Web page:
# Tag Info

1 vote

### What does distinguishability mean in this case?

In this context the idea is that Alice wants to send classical information, by encoding it in quantum states. In other words, Alice encodes her choice of bit to send $i$ into the state $\rho_i$, and ...
1 vote

### What does distinguishability mean in this case?

Imagine they are almost the same, i.e. $\rho_0 \approx \rho_1$. It's almost impossible to distinguish them, yet they are different. So that, your success probability is $\approx 1/2$. Also, in the ...
1 vote

### What is the relation between POVMs and observables (as Hermitian operators)?

In various respects, the POVM formalism is much more fundamental than Hermitian observables. The notion of generalized observables was developed precisely to weaken and generalize the notion of ...
Accepted

### Can any rank-$n$ POVM be realized as a rank-one POVM?

Is this an exercise? The answer is yes, you can do it, but I'm not going to tell you what the equivalent rank-1 POVM is. In general, any higher-rank POVM is equivalent to a rank-1 POVM if you relabel ...

### Can any rank-$n$ POVM be realized as a rank-one POVM?

I originally intended this to be a comment, but it got too long for a comment. I think it depends on what you want to do with the POVM, if you are more interested in maximising the amount of ...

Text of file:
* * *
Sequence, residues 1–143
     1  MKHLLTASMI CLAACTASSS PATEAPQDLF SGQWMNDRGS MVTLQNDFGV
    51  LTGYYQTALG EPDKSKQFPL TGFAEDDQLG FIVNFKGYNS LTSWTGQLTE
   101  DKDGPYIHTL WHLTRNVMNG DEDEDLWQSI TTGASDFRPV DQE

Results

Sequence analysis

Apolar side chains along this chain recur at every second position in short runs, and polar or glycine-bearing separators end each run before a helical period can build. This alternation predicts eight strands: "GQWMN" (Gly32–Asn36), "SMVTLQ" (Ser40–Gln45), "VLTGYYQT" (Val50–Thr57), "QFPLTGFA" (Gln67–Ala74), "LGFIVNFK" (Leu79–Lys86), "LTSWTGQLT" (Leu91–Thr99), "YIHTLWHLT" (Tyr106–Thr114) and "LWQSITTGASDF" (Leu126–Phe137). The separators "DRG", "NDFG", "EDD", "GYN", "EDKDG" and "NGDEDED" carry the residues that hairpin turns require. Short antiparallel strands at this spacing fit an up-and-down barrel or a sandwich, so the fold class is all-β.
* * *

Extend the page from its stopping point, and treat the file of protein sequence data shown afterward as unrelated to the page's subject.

1 vote
Accepted

### Characterise, via Naimark's theorem, the POVM corresponding to a PVM in a dilated space

You could define $$V_F^S u \equiv \sum_a |a\rangle\otimes (S^a\sqrt{F^a}\,u), \qquad u \in\mathcal X,$$ where $S^a$ is any unitary. Then $V_F^S$ is also an isometry and  F^a=(V_F^S)^\dagger (\...
You can assume without loss of generality that the POVM's are rank one because $\sum_i A_i=I$, so it's not necessary just more convenient. The enlargement of the space in the Naimark dilation theorem ...
Any POVM can be interpreted as a projective measurement in a higher-dimensional space. Derivation of the dilated representation More precisely, let $\{\mu(a)\}_a\subset\operatorname{Pos}(\mathcal X)$ ...